Researchers from North Carolina State University have developed a new technique that uses existing technologies to detect potential airborne radiological materials in hours instead of days.
“We wanted a rapid way of detecting radiological aerosols that are usually associated with the production of dirty bombs or other radiological weapons,” says Joseph Cope, a Ph.D. student and fellow with the Consortium for Nonproliferation Enabling Capabilities (CNEC) at NC State and lead author of a paper on the work.
At present, emergency responders who are characterizing potential radiological risk need to take an air sample and ship it to a radiochemistry lab after preliminary screening analysis. The process means it can take days or weeks to get quality results that authorities can use to make informed decisions.
“We’ve found a way that repurposes existing tools, and can give first responders quality information in as little as two hours,” Cope says.
“The more time you have, the more precise the data becomes – but our approach allows the authorities to make decisions about evacuating the area, etc., based on defensible information,” says Robert Hayes, an associate professor of nuclear engineering at NC State and co-author of the paper.
The new approach involves using a radiation detector to take multiple periodic measurements of an air sample for at least two hours. The measurements are then run through a computer model that uses the data to estimate the potential worst case scenario regarding “transuranic” activity in the area.
Transuranic elements have an atomic number at least as high as uranium. In general, these are elements that can be used to create radiological weapons.
“Providing the authorities with a conservative estimation method of transuranic activity allows them to make informed decisions, based on robust data and analysis, as soon as possible,” Cope says.
“This approach provides additional rapid characterization capability for emergency responders to radiological events, enabling further optimization of limited resources,” Hayes says.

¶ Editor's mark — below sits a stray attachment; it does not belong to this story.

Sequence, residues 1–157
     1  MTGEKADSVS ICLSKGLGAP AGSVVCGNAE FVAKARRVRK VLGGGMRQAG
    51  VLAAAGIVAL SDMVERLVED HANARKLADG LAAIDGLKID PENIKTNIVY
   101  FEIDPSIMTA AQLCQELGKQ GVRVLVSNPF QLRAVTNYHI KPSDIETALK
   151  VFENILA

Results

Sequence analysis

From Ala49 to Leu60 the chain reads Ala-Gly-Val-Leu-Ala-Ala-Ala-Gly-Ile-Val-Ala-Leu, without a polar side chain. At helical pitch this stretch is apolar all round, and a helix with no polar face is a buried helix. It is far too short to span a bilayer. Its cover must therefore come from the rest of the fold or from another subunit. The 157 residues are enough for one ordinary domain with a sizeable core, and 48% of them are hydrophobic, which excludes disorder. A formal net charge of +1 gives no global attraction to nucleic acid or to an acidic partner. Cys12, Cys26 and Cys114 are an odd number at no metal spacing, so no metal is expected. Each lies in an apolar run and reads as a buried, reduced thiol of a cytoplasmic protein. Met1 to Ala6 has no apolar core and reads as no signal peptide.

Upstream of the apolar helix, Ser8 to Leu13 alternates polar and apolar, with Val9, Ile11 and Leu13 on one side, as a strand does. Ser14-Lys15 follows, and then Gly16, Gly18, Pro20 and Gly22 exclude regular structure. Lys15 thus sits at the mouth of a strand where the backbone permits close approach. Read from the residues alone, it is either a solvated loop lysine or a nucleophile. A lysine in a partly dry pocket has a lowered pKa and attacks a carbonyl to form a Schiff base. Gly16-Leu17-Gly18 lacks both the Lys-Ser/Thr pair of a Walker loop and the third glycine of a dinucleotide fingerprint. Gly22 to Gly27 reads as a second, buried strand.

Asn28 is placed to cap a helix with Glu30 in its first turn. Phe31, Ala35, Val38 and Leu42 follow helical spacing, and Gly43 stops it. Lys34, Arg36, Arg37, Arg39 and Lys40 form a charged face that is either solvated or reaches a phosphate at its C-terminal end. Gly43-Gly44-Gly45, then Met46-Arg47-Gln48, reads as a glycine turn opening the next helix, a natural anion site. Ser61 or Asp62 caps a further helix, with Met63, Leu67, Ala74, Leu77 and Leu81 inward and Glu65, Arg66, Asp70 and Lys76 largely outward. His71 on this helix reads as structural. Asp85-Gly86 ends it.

The paper, “Preliminary Work Toward a Transuranic Activity Estimation Method for Rapid Discrimination of Anthropogenic from Transuranic Activity in Alpha Air Samples,” is published in Health Physics Journal.
The work was done with support from the Department of Energy National Nuclear Security Administration’s Office of Defense Nuclear Nonproliferation R&D through CNEC, under grant number DE-NA0002576; and the Nuclear Regulatory Commission, under grant number NRC-11Q-84-14-G-0059.
Note to Editors: The study abstract follows.
“Preliminary Work Toward a Transuranic Activity Estimation Method for Rapid Discrimination of Anthropogenic from Transuranic Activity in Alpha Air Samples”
Authors: S. Joseph Cope and Robert B. Hayes, North Carolina State University
Published: Feb. 6, Health Physics Journal
Abstract: Radon (222Rn) and thoron (220Rn) progeny (primarily bismuth and polonium) are known interferents when rapid evaluation of transuranic content on air filters is of interest. These complexities stem from the overlapping energies of the progeny alpha particles onto the transuranic region of interest (3–5.5 MeV) where naturally-occurring alpha emitters can overwhelm the spectra. Due to the immediacy of the alpha counting methods employed, coupled with the half-life of thoron progeny dominated by 212Pb (t1/2=10.6 h), a conservative transuranic activity estimate with rigorous uncertainty is being sought. A successful transuranic activity estimation method will incorporate any thoron progeny present on the filter providing 95% confidence decision levels in which a filter may be evaluated for emergency response applications. Twenty-three pairs of samples of various duration having no transuranic content were taken over a 2?mo period. The resulting filters were counted in a time series before non-linear least squares decay curve fitting was applied to the decay profile. For the samples considered, a transuranic activity estimator decision level was determined at 0.2 Bq for the given geographic location and months analyzed. Validation of this method for other seasonal and geographic regions could provide enhanced emergency response capability when the presence of transuranic activity is suspected.